There are stringent measures that should be followed to secure the safety of window cleaners of high-rise buildings. One of the most important measure is the required lifeline.
"Window cleaners should always be attached with a lifeline to the building. This is very important," says a high-ranking figure of Trakhees-EHS, the regulatory arm of Ports, Customs and Free Zone Corporation (PCFC) Dubai.
This was in response to the recent accidents involving window cleaners in Abu Dhabi. Recently two Asian men died after their scaffold crashed from the 15th floor of a building located on Khalifa Street in Abu Dhabi.
The accident took place only a week after the rope of a glass-cleaning scaffold broke, and the window cleaners had to be rescued from the 15th floor of a building in Al Salam Street, Abu Dhabi.
In case anything happens to the equipment it is important for the window cleaners to have the extra safety option, explains the Trakhees spokesman. "That is why the lifeline should be attached to the building, and never to the cradle."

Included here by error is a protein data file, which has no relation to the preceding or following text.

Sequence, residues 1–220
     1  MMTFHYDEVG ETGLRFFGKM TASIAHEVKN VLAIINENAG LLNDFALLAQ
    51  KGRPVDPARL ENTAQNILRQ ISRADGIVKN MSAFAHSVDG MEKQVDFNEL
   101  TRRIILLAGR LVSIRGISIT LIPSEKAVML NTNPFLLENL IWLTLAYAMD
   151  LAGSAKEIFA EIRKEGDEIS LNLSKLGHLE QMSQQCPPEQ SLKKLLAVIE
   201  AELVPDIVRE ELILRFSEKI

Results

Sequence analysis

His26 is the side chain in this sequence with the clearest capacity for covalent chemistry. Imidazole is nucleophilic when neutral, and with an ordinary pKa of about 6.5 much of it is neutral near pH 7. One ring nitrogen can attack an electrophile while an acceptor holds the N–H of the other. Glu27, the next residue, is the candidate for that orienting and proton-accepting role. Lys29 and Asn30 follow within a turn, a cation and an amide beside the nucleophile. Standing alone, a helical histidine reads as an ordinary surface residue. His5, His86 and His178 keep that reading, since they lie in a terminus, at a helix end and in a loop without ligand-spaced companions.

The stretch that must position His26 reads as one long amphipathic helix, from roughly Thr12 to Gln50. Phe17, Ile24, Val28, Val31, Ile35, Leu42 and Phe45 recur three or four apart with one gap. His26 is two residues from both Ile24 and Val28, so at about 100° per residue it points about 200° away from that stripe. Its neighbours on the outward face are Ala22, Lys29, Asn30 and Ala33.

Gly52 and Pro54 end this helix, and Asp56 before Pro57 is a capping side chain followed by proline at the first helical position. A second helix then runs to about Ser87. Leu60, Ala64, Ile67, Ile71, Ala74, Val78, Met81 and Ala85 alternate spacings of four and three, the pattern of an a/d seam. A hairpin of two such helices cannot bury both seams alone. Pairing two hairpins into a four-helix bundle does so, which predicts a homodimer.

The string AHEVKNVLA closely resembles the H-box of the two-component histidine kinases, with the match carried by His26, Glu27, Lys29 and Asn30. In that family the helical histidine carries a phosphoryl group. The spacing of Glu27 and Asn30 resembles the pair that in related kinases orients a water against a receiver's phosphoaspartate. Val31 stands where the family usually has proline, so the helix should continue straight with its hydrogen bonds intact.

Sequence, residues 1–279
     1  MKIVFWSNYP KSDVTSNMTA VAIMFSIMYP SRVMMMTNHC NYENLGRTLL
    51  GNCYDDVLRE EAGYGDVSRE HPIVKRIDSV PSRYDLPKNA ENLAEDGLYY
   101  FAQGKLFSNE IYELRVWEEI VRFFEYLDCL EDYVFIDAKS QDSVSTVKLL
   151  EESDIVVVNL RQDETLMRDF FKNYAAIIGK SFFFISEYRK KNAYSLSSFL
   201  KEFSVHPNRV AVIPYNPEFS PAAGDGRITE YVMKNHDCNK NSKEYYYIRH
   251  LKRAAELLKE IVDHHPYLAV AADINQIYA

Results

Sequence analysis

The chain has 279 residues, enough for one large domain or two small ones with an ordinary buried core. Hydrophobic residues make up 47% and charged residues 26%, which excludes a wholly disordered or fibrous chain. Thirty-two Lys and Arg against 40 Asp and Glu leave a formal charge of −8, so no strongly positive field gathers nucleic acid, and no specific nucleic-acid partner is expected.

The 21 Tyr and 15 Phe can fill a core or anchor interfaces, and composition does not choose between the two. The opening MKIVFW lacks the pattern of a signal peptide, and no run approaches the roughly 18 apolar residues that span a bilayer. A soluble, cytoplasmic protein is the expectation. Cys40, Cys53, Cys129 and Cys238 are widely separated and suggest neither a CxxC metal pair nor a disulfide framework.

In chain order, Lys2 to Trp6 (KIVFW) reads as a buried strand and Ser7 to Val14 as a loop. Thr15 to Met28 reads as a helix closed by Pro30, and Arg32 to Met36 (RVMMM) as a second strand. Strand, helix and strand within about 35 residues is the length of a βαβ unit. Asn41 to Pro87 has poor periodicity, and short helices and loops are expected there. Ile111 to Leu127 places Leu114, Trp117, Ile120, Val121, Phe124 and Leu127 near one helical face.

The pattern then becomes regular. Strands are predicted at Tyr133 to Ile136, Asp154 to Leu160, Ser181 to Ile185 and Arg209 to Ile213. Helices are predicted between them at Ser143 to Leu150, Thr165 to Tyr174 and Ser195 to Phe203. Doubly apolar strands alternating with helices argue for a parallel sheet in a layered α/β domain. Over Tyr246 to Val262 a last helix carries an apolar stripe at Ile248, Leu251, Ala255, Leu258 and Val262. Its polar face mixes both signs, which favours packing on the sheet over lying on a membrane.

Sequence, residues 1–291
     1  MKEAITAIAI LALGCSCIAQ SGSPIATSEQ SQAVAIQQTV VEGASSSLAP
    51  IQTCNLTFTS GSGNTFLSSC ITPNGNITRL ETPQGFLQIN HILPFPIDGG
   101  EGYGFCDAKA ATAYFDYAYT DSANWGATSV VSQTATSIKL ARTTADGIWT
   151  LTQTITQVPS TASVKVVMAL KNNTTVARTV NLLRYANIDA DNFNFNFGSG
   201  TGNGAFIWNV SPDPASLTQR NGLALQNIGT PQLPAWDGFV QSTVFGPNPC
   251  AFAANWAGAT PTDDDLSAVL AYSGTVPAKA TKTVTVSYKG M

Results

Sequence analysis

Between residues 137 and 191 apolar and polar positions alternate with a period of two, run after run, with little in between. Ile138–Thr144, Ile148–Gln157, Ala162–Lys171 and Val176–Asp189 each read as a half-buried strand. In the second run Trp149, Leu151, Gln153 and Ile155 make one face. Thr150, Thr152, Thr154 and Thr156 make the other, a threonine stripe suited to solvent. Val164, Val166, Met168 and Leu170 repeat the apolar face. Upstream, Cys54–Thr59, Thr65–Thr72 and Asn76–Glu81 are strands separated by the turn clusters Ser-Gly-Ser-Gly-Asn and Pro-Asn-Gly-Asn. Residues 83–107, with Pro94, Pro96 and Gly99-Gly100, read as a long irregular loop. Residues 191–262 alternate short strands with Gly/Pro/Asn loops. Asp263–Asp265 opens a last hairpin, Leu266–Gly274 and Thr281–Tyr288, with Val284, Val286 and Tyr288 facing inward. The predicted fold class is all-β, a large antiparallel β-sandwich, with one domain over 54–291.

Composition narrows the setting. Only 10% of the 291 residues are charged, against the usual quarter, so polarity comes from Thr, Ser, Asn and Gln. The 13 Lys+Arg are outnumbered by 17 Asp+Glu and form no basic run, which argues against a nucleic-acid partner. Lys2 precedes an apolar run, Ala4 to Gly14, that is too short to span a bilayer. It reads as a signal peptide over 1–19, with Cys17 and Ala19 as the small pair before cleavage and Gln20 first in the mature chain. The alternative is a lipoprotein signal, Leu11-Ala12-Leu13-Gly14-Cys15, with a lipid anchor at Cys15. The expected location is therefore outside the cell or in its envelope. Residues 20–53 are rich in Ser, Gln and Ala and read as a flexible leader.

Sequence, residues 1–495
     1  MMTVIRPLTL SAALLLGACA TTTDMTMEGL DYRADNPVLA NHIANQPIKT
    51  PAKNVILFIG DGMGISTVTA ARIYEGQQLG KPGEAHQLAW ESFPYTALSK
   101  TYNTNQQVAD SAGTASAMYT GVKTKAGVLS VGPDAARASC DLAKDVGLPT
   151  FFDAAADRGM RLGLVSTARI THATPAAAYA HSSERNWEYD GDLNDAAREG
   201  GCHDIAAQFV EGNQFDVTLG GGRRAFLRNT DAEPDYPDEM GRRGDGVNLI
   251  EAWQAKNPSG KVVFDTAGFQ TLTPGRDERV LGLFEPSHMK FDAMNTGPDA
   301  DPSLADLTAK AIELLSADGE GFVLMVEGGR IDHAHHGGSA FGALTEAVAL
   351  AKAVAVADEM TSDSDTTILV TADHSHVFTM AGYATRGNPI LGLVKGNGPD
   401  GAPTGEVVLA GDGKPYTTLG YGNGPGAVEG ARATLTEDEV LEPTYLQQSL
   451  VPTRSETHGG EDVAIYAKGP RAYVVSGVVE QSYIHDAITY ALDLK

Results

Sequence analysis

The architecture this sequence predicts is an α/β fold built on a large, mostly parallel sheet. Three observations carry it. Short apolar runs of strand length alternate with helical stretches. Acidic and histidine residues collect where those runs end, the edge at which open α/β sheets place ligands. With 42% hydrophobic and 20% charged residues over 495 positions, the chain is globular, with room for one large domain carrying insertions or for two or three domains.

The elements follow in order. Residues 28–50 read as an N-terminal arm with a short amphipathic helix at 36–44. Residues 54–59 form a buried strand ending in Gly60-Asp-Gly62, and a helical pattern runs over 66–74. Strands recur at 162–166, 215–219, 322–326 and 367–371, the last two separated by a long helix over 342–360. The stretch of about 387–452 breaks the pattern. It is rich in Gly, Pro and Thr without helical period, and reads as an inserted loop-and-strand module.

However, safety of the equipment is important too and there are extensive guidelines on how this safety can be achieved.
"In any case regular inspections must be carried out and the date and results of the last inspections should be mentioned on the cradle."
On the website of Abu Dhabi Police Abdullah Hamad al Tamimi, Head of Customer Service and Public Relations Division of Civil Defense Abu Dhabi was reported as calling upon maintenance companies working in the field of constructions and building cleaning to always keep their equipment and cranes in good conditions.
Experts say that the use of a suspended cradle is the safest option for window cleaning of high-rise buildings.
"Use of this type of equipment is one of the safest ways to clean windows and metals of buildings; however, things can still go wrong sometimes," says a Trahees report titled 'Safety in Window Cleaning and External Façade Maintenance Using Suspended Access Equipment (Suspended Cradles)'.